What will 2015 have in store for major projects?
Last year closed with some positive news for the construction industry as the government earmarked £15bn for investment in roads.
It also brought considerable spade-in-the ground progress on the £14bn Crossrail scheme and progress of the political variety for controversial projects like High Speed 2.
But we all know that things which are promised in the run up to a General Election can so easily be snatched away. So what does 2015 hold for seven of the biggest UK infrastructure projects that are either in progress or slated to begin very shortly?
This is a big year for construction of the £14bn Crossrail scheme, which will boost London’s rail capacity by 10% when it opens. The final tunnel drive will be complete by the summer, followed by the first new Crossrail station - Custom House - by the end of the year. Then, Londoners will really be able to see the landscape-shifting project taking shape.
Verdict: Full steam ahead
2. High Speed 2
Finally the talk can stop - well maybe, not quite, but procurement will really begin in earnest on the uber-controversial High Speed 2 scheme this year. Nine major deals to work on the London-to-Birmingham phase of the £43bn scheme will be bundled together into two batches for pre-qualification purposes. Meanwhile the Hybrid Bill to give permission for the project will continue to rumble through the Parliamentary process all year.
Verdict: Gaining traction
3. Thames Tideway Tunnel
While construction of the £4bn “super sewer” won’t begin until 2016, this will be an important year for the much-criticised scheme. Quite some effort will be needed to fight off legal challenges and vocal opponents. At the same time the main construction contracts for the east, west and central chunks of the scheme are expected to be awarded, and also an infrastructure provider to deliver the mammoth London project is due to be secured.
Verdict: Churning through the pipeline
4. A14 upgrade
The poor old A14, which takes traffic from the M1 and the M6 to Cambridge, has become something of a symbol of stalled infrastructure plans. First the Kettering bypass and then the £1bn Huntingdon bypass were put on ice by the coalition in 2010. However, with the former now underway, the latter was in the first package of work to go to the Highways Agency’s collaborative delivery framework, and should be awarded imminently, for a 2016 start.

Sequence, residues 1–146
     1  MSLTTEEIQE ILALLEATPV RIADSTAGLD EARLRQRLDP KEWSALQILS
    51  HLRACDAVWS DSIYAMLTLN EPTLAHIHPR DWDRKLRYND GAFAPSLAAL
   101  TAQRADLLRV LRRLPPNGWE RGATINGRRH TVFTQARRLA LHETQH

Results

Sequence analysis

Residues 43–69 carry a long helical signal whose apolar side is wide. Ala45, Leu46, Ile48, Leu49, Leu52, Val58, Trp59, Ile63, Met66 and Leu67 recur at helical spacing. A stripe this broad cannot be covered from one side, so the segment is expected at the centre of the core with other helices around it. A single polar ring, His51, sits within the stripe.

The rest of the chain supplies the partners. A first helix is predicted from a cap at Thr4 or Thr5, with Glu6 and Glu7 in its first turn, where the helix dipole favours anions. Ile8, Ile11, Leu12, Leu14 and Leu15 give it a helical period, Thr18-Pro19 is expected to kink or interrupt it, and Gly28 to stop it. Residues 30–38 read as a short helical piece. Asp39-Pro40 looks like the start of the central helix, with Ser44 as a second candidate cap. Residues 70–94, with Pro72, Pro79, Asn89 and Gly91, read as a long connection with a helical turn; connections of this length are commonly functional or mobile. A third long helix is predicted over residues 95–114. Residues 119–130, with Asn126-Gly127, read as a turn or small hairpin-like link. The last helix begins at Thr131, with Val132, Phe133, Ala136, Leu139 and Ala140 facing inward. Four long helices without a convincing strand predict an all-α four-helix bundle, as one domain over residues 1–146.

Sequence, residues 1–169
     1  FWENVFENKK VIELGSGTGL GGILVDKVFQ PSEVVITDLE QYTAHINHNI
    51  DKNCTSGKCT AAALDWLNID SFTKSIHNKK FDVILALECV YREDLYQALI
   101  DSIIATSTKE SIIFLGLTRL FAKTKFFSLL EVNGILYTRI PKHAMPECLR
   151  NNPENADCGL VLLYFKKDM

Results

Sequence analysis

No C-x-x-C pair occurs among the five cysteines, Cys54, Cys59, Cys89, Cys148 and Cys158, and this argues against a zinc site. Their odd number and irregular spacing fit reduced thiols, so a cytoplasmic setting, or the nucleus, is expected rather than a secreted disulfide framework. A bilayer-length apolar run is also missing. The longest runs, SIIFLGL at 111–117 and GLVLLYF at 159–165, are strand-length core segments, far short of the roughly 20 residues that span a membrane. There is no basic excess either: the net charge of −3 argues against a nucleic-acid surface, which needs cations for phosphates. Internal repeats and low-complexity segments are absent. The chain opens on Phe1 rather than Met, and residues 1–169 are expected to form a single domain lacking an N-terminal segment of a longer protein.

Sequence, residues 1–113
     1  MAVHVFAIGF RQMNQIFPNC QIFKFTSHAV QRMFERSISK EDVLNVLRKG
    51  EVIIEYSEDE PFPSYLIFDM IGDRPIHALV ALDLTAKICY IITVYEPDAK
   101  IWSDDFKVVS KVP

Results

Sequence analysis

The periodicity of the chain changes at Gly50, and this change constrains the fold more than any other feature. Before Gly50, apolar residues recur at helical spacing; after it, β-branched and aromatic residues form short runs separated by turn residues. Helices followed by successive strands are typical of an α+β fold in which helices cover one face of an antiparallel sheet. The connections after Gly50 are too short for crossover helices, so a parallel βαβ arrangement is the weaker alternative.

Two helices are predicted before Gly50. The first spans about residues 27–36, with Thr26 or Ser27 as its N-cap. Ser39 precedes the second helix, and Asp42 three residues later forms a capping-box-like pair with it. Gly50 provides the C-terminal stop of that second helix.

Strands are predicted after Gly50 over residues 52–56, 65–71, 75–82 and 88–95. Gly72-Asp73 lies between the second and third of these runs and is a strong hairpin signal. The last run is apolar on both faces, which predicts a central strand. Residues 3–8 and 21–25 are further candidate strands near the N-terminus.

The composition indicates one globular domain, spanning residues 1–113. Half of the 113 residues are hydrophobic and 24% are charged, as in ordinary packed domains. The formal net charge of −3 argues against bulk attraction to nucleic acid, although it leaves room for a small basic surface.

Verdict: Pedal to the metal
5. Stonehenge Tunnel
A 2.9km tunnel under the site of the Stonehenge monument is a critical part of a £2bn plan to upgrade the A303 throughout the South West of England. Having been scrapped in 2007, the tunnel proposal gained popularity last year and was among 83 schemes promised government funding in December. The tunnel remains politically sensitive, however, with some seeing it as unnecessarily expensive and others saying it should be even longer and costlier.
Verdict: Light at the end of the tunnel
6. Hinkley Point
All eyes are on power giant EDF, which is expected to make the final decision early this year on whether to invest £25bn in the construction of the first new nuclear plant in
the UK in 20 years. If it gets the go ahead, the Hinkley Point site in Somerset could quickly become a hive of activity. Preferred bidders have been announced for major contracts, and suppliers have been able to register their interest through the client. Earthworks have been underway for some time.
Verdict: At the push of a button
7. Queensferry Crossing
After three and a half years of work in the weather-battered Firth of Forth, the deck of the £1.4bn Queensferry Crossing will begin to take shape this year. Morrison Construction chief Michael Martin will take the reins in January after previous project manager Carlo Germani left for a job in Qatar. With the support towers all above deck level, a big year of horizontal building is expected, with completion in late 2016.
Verdict: Sitting pretty
Watch progress video here.